Afrofuturist Writer Octavia Butler Predicted the Rise of Trump in 1998

Dear 2120,

Grasping the bigger, more significant perspectives of your era can sometimes be a challenge when all you have at your disposal is the sluggish, old human sensory apparatus. Our 2017 brains have limited processing capabilities, which makes it difficult to comprehend and analyze the total sum of everything that goes on around us. When you’re caught in the hurricane of all these overwhelming, hectic impulses and impressions, your memory is compromised and your ability to make connections between cultural, technological and political events is stretched beyond its means like a cheap balloon enlarged by the ruddy cheeks of an overzealous 7-year-old.

However, some people, particularly certain science-fiction writers, are blessed with the ability to make those connections, enabling them to process the relevant information of the present and make startlingly accurate predictions about the future. Cases in point are George Orwell’s “Nineteen Eighty-Four“, Aldous Huxley’s “Brave New World” and, as it was just highlighted in the New Yorker yesterday, Octavia Butler’s 1998 novel ‘Parable of the Talents.’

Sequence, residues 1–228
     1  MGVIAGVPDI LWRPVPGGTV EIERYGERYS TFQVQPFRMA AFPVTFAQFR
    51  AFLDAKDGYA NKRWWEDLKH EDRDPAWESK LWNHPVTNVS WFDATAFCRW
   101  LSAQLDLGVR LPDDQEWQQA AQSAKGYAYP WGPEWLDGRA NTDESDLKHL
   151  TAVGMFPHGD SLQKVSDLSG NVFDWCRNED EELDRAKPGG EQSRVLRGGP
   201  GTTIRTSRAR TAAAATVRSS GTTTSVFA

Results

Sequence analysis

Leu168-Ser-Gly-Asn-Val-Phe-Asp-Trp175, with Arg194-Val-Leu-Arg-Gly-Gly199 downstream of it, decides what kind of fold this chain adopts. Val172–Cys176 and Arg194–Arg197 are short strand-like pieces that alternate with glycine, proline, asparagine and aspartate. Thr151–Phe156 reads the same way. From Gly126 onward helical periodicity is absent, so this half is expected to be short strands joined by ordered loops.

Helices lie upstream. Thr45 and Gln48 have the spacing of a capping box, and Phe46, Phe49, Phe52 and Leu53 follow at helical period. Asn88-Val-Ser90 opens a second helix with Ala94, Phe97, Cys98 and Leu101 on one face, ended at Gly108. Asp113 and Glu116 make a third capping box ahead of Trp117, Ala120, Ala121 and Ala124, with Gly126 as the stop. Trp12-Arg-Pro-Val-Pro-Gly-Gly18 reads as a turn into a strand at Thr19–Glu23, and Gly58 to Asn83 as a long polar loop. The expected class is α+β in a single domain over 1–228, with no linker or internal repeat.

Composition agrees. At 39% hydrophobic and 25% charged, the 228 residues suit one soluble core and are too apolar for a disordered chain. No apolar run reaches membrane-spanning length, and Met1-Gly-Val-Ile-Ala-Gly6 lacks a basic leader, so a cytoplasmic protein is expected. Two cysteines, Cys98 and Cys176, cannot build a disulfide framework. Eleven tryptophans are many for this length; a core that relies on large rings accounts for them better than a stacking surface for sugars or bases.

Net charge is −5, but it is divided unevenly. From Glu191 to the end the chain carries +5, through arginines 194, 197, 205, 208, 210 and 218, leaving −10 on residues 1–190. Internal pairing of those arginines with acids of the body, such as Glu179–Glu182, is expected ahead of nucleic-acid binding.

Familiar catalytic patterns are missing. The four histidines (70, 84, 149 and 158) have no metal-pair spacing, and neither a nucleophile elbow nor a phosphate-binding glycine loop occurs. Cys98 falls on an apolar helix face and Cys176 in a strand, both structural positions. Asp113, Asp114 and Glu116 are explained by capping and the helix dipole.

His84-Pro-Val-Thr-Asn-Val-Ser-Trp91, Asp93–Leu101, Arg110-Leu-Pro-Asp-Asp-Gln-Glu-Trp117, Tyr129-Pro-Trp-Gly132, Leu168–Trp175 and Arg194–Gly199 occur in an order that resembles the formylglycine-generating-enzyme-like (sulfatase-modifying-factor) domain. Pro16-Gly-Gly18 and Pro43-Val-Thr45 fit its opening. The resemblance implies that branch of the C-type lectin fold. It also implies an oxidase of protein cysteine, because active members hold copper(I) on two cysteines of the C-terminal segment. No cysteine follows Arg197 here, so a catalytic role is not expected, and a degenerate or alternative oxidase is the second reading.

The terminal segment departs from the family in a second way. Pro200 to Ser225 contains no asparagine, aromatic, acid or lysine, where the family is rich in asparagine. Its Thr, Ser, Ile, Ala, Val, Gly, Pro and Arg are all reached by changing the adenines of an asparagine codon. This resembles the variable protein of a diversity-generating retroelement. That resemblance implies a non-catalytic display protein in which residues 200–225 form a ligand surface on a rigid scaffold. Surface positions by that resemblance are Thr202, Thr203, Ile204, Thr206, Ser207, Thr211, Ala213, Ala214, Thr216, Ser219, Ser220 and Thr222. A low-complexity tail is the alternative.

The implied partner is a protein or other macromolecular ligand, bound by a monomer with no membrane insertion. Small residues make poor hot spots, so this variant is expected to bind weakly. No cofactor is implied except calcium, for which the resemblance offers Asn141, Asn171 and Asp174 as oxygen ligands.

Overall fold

I have to admit that I’d never heard of Butler (despite Queen Beyoncé mining Octavia for inspiration on her latest album), but that’s an oversight I intend to rectify posthaste. As Abby Aguirre puts it:

‘In the ongoing contest over which dystopian classic is most applicable to our time, Octavia Butler’s “Parable” books may be unmatched.’

Lately, with the rise of Trump, people have been falling over themselves in the quest to name the classic dystopian book that most aptly describes the present ‘Trumpified’ moment. Orwell’s media-controlled totalitarianism and Huxley’s culture held captive by trivial hedonism are inevitable science-fictional touchstones, but maybe Octavia Butler’s ‘prescient vision of a zealot elected to make America great again’ (actual words) is the novel that got it right. In ‘Parable of the Talents’:

The Donner Administration has written off science, but a more immediate threat lurks: a violent movement is being whipped up by a new Presidential candidate, Andrew Steele Jarret, a Texas senator and religious zealot who is running on a platform to “make American great again.’

In 2120, you might be asking yourself why we’re not doing anything if some people can see the train hurtling at us at breakneck speed. I can only say: good question. At the moment, a lot of people don’t really seem to care what smart novelists have to say.

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